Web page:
What Is a Good Working Capital Ratio?

This post was originally published on On Deck

In business finance, the working capital ratio indicates a company’s short-term financial health and efficiency. Maintaining a good working capital ratio is essential for measuring liquidity, managing debts and fostering growth for your small businesses.

Let’s break down what a good working capital ratio looks like, how to calculate it and why it matters for your small business.

What Is a Good Working Capital Ratio?

Think of the working capital ratio, sometimes called the current ratio, as a snapshot of your business’s financial health. It compares your company’s current assets (like cash on hand, accounts receivable and inventory) to your short-term liabilities (like loans and accounts payable).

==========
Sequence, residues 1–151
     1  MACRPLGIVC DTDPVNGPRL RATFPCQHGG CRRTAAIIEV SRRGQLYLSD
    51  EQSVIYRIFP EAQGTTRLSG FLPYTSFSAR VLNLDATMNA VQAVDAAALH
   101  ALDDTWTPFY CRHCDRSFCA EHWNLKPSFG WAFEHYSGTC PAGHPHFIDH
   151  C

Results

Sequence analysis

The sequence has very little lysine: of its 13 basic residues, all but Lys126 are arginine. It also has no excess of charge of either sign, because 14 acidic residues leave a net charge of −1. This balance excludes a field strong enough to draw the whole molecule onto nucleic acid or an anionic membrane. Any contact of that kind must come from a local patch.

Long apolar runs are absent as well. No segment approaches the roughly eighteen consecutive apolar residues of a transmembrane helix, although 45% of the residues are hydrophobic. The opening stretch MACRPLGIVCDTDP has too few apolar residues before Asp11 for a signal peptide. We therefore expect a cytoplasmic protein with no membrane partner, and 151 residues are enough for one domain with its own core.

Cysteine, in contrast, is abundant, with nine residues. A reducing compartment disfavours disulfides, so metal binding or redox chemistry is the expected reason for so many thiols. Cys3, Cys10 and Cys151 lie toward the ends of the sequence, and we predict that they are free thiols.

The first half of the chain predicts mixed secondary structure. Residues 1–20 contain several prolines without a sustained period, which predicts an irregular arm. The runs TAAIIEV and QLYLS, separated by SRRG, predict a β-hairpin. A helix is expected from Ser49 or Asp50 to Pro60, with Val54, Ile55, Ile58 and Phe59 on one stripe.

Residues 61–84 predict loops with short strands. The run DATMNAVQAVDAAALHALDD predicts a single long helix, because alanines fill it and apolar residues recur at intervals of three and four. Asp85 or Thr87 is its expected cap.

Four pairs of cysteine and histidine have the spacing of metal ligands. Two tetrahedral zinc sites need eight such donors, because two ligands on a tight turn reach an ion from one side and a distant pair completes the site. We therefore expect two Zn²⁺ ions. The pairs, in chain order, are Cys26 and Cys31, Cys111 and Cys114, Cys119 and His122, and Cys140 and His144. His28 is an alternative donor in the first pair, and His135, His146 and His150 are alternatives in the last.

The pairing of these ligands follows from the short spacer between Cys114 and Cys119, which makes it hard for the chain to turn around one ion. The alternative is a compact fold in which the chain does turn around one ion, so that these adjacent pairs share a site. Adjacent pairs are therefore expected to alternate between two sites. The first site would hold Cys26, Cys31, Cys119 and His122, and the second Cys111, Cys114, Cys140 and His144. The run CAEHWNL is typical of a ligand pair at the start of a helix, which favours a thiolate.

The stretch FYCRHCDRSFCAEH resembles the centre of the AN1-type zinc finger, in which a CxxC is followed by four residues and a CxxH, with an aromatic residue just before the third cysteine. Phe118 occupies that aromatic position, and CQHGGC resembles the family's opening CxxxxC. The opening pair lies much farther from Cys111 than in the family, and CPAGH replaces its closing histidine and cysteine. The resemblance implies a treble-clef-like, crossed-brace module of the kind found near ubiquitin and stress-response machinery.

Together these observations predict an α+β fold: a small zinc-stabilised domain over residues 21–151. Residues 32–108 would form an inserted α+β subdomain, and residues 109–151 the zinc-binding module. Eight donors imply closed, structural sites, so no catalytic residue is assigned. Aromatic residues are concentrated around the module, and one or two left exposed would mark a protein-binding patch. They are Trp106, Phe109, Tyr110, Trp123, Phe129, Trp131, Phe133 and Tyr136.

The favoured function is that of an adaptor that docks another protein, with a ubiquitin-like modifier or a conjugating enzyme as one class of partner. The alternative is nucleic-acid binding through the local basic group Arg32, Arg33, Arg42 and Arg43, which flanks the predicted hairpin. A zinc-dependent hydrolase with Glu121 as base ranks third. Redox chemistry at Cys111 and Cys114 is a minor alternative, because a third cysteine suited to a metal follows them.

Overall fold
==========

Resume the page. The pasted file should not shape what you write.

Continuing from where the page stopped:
A ratio between 1.5 and 2 is generally seen as just right — it means you’ve got a healthy balance. You’re able to pay off debts while still having enough to grow. A high working capital ratio can be a mixed bag, suggesting you might be sitting on too much inventory or not investing enough in growth.

How Do You Calculate Your Working Capital Ratio?

To calculate your working capital ratio, divide your current assets by your current liabilities. Both of these figures are found on your balance sheet. This calculation tells you

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